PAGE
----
while your feet keep the board balanced on its single, central roller. Some jugglers and acrobats use this technique all the time. And so do writers and other creative artists. Personal teeter-totters are tricky.
Back in the day, I could standing on that rolling board indefinitely and never need to think about what I was doing. The virtual equivalent isn’t always as easy. The reason is simple.
We’re constantly bombarded by more and more extraneous gibberish vying for our attention, demanding we focus on it instead of our desired focal point.
Take this last two weeks, for instance. I needed to concentrate on doing a full revision on the first volume of my Wisher’s World Series. I had my calendar set up to allow for submissions, revision time, and a bit of down time to decompress.
Then, WHAM, every distraction, unimportant call to action, and personal ‘need’ descended to throw balance out the window.
I have another week’s worth of hard slog to get it to the edit stage. It should already have been on the edit board. I got one submission out. I have two more to get through edit and out before the end of the month. I’m behind on my posts here and on 2Voices1Song.
In other words, I’m way out of balance—again. And I was doing so well there for a while.
I will admit disappointment in myself—I couldn’t stem the landslide and fell off my balance board. I slid only two weeks, however. That’s better that ever before. And the trick was in how I refocused.
My re-focus technique was fairly simple. I mirrored what others were asking of me. I sent impending work out to nonlocal writers for critique. That gave me a quicker evaluation to use for edits when I got to them this week. I used every spare moment of quiet time to consider where my novella manuscript needed certain attention and jotted down thoughts and solutions. Doctor’s waiting rooms are great for that.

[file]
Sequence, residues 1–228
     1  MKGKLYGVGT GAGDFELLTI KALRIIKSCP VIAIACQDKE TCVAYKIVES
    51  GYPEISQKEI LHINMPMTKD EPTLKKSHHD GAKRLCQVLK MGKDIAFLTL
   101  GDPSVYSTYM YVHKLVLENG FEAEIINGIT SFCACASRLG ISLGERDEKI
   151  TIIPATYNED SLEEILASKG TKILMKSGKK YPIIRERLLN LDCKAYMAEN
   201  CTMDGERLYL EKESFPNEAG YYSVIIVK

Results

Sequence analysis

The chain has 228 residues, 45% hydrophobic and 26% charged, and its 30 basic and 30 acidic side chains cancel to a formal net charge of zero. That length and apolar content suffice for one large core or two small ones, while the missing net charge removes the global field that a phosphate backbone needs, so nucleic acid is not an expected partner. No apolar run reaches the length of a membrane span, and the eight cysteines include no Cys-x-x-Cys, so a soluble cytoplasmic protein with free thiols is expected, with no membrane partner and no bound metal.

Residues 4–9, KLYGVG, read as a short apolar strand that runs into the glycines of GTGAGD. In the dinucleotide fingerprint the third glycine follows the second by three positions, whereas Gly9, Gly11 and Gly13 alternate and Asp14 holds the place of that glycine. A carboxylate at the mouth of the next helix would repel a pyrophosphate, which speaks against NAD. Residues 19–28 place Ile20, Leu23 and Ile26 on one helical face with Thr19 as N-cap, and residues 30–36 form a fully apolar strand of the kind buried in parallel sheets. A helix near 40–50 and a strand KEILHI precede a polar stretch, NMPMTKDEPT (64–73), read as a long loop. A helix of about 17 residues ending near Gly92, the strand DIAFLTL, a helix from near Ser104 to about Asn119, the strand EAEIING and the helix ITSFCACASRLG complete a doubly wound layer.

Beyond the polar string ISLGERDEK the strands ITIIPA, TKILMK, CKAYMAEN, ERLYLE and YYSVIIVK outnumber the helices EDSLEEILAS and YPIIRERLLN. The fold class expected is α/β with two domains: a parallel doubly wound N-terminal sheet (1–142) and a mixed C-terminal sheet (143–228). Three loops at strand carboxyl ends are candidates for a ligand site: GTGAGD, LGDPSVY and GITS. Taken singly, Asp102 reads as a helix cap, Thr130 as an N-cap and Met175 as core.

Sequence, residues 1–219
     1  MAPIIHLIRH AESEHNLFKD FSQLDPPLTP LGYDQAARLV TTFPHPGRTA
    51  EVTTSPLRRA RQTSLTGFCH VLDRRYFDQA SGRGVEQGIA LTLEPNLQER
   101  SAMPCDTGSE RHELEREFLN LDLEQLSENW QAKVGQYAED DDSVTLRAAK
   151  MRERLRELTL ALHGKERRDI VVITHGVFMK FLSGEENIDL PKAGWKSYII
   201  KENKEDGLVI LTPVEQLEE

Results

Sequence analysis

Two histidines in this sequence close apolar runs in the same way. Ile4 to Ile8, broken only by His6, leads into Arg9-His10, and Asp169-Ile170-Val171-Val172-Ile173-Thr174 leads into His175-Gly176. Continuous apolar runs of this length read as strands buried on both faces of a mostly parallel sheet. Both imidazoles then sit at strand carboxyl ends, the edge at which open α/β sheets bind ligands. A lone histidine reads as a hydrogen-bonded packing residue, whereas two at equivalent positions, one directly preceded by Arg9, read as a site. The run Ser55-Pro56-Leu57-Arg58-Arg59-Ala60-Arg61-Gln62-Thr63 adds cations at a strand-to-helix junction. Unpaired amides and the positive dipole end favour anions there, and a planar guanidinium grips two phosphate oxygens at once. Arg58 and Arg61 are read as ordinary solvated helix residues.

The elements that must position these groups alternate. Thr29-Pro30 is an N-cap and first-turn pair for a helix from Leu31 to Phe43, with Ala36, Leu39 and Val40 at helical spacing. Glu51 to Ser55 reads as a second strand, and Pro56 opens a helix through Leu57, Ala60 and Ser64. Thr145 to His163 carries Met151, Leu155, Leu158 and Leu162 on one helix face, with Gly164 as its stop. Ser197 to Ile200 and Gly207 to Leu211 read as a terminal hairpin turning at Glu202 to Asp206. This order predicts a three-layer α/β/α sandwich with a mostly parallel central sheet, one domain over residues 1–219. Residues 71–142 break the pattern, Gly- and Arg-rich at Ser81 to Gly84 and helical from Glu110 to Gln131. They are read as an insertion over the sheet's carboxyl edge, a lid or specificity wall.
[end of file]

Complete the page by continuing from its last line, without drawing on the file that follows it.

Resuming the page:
I did a minimum to satisfy every other demand, while still getting a chapter or two reworked in Wisher’s World each day.
Most of all, I threw perfectionism out the window and allowed myself the downtime I really needed.
The result wasn’t stellar, but it got the jobs done. I got the first short story out to its competition, I revised thirteen chapters in Wisher’s World and added a new chapter. I wrote some good poetry for five days and created modified Haiga posters. Along the way, I made a few new friends and picked up a large, new project to be developed soon.
My focus is back. The balance board is on its roller. My calendar needs tweaking because of projects rearranged or modified. But I’m not stressed over any of it anymore.
The only things left on my docket for today is a quick revision of one chapter, pulling out another short story to begin edit work on for submission, and working on a cover for my next chapbook. It’s slated to for release at the end of the month.
And in case you’re wondering, I’m still only working on material I have in backlog. That’s my only solid goal for the year and maybe even into next year.
If you have similar problems keeping your focus, share with others. Drop a comment below and tell me about your struggle with focus. We’re all rowing boats on the ocean.
Have a great rest of the week, peeps, and a fantastic weekend ahead.